And even as the Orthodox grew more prosperous and some left the cities or watched their neighborhoods get gentrified, they held on to their sense of persecution. As Orthodox, they also denigrated the advantages of social integration as a recipe for assimilation and Jewish decline, unlike the majority of American Jews.
Gradually, even as the Orthodox grew in power and influence and became triumphalist, as they watched their numbers rise while the rest of Jewry slowly melted into intermarriage and became indistinguishable from the majority culture, they retained their sense of persecution and as objects of scorn.
So in spite of their history of persecution and as refugees, they gradually moved rightward politically, sharing the anger and conservatism of the Republican party.
Journalist Ari Goldman even went so far as to suggest (with a nod to Himmelfarb) that, “Orthodox Jews live like Puerto Ricans and vote like billionaires” He was probably referring to the poorer haredi and Hasidic voters who overwhelmingly became supporters of conservative Republican candidates.
Moreover as people who were troubled by the libertinism of the left, what they saw as the opposition to authority and tradition that was endemic among liberals, who opposed abortion, gay pride, and promiscuity of modernity, the Orthodox found themselves more at home among people who embraced conservative politics.
Some even questioned the quintessential liberal belief: the prime value of democracy, especially when the majority allowed for behavior and laws that clashed with their notions of what was morally correct, properly Jewish, or godly.
This has been the case at least since the days of Reagan and through Trump. Even as anti-Semitic voices who share these rightist sympathies have infected conservative ideology and anti-Jewish acts have mushroomed in the days of the latest Republican victories, Orthodox Jews refuse to abandon the parties and politics of the right.
No less a voice than Abraham Foxman (former head of the Anti-Defamation League and not incidentally an Orthodox Jew), who was always a voice reminding America of the incipient anti-Semitism abroad in the land, has curiously suggested that the wave of anti-Jewish attacks in America against community centers, day schools and cemeteries greater than anything since the 1930’s is “not a crisis” and urged American Jews to stay calm and lay off President Trump. “I’m telling them: ‘Cool it, cool it,’” he said.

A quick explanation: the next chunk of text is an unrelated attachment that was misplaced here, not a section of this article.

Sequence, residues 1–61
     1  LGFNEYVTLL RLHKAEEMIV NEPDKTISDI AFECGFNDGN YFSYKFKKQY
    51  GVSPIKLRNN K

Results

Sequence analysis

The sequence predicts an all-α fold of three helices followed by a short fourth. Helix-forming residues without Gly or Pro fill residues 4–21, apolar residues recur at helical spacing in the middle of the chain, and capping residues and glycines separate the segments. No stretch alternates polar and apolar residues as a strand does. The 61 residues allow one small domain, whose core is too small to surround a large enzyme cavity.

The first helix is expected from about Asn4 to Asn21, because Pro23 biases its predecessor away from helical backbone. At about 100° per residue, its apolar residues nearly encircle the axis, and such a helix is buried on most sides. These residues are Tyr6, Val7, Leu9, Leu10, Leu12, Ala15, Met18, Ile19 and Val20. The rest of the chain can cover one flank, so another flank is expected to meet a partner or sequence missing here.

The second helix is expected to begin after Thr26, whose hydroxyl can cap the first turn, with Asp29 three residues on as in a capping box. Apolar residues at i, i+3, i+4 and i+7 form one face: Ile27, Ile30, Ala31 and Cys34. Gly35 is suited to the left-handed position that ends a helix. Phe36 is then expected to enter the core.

Orthodox Jews thus throw into question the dominant explanations for Jewish liberalism and force us not only to try to explain how a group so close to Jewish observance, so familiar with Jewish texts and teaching, who can likely quote the prophets in Hebrew and by heart, who have a history and lingering group memory of persecution and the refugee experience, can turn their collective back on liberalism, joining those who either revile or mock it as naive.
They also force us to figure why the Jewish majority that daily grows more assimilated and distant from Jewish sources and observance persists in holding onto liberal ideals and views.
Could it be that the long held and cherished idea that Jewish traditions, the collective experience of being a persecuted minority, and prophetic values lead to liberalism is just plain wrong? Could it be that being Jewish and holding onto to democratic liberalism are not a natural fit? The Orthodox have a lesson to teach us; we just have to figure out what it is.
Samuel Heilman holds the Harold Proshansky Chair in Jewish Studies at the Graduate Center and is Distinguished Professor of Sociology at Queens College of the City University of New York.